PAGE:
During labor and delivery, your OBGYN or medical professional may use a Doppler transducer to listen to your baby’s heartbeat. A transducer device may also be attached to your belly with a belt. This allows your baby’s heart rate and pattern to be transferred to a computer screen for continuous viewing. A second belt is used to measure the length of contractions and the time between contractions.
With internal fetal heart monitoring, an electrode is inserted through the cervix and put on the baby’s scalp or body part closest to the cervix. This internal monitor can only be placed after the amniotic sac (water) has broken and the cervix is dilated.
Electronic fetal monitoring is helpful in assessing how well the baby is tolerating the birthing process. Monitoring can also alert medical personnel to potential problems requiring action. Those actions can be as simple as repositioning the mother to increase the amount of oxygen being funneled to the fetus, or as urgent as immediate delivery. Depending on the circumstances and stage of labor, delivery options include cesarean section, use of forceps or vacuum extraction.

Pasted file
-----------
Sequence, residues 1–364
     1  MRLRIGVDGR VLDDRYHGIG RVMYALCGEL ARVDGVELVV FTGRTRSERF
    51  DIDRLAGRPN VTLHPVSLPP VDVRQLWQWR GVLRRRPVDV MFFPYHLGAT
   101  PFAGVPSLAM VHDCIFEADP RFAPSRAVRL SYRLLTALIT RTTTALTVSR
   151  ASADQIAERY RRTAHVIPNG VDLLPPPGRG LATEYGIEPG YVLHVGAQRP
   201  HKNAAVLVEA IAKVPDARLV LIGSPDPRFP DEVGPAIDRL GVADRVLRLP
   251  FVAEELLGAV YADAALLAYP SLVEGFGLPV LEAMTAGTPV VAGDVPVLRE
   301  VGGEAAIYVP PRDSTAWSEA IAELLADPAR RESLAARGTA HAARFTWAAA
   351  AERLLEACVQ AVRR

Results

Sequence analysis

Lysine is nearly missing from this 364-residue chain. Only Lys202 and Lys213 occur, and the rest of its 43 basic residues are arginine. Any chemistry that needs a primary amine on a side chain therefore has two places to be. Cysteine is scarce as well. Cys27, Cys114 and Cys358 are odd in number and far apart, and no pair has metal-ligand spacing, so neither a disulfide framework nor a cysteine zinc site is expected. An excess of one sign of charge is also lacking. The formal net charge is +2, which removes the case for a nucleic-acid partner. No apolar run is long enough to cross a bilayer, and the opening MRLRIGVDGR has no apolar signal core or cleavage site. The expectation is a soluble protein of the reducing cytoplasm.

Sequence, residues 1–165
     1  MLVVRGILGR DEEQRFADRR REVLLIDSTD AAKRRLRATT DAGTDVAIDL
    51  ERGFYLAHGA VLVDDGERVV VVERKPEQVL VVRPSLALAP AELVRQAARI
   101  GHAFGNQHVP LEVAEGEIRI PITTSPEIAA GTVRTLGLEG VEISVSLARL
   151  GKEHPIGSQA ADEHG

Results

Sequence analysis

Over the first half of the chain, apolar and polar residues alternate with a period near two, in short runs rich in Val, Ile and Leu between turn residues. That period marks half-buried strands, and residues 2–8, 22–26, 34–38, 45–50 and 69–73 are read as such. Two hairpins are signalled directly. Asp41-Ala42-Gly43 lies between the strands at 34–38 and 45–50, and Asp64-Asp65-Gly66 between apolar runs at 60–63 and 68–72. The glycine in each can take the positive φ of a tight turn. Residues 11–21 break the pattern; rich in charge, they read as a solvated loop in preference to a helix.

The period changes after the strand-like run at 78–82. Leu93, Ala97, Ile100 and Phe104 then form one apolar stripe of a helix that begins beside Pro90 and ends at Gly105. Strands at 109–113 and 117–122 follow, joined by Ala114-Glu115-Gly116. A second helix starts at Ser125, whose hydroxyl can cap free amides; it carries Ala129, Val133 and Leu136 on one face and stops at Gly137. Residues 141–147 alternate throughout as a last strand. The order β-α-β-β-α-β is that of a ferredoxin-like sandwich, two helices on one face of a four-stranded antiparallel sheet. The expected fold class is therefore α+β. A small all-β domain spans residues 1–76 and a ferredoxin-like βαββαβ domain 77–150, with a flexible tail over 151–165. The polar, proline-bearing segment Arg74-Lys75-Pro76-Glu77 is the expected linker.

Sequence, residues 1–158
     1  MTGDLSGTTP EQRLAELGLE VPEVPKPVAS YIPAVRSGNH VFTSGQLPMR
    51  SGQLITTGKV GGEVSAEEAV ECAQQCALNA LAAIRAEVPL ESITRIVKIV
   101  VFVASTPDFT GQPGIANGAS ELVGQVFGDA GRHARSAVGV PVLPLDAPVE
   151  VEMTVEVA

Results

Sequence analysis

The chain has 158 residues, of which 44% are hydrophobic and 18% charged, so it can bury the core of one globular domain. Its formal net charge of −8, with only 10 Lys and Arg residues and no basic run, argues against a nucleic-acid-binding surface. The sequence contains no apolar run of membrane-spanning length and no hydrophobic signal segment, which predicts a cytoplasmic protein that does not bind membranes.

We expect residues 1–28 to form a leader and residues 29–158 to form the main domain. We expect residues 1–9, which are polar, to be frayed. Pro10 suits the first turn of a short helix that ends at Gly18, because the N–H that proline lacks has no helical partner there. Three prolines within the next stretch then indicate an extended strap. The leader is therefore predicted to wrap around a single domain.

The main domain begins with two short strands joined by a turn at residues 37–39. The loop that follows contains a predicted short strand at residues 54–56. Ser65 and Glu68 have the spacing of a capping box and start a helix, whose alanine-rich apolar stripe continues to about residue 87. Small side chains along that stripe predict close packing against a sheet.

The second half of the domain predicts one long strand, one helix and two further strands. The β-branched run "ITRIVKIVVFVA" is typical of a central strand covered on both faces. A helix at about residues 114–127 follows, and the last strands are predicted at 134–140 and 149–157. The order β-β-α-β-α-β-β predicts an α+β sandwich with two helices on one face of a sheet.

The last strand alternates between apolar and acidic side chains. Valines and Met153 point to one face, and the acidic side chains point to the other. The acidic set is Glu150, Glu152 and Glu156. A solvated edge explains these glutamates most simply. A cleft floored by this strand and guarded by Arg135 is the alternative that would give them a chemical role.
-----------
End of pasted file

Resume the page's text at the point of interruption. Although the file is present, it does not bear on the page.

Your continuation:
If you are expecting, be sure to talk with your obstetrician ahead of time about the use of fetal heart rate monitoring and how it will be used during labor and delivery. Understanding the purpose of fetal heart rate monitoring and how it is performed can reduce anxiety during the birthing process.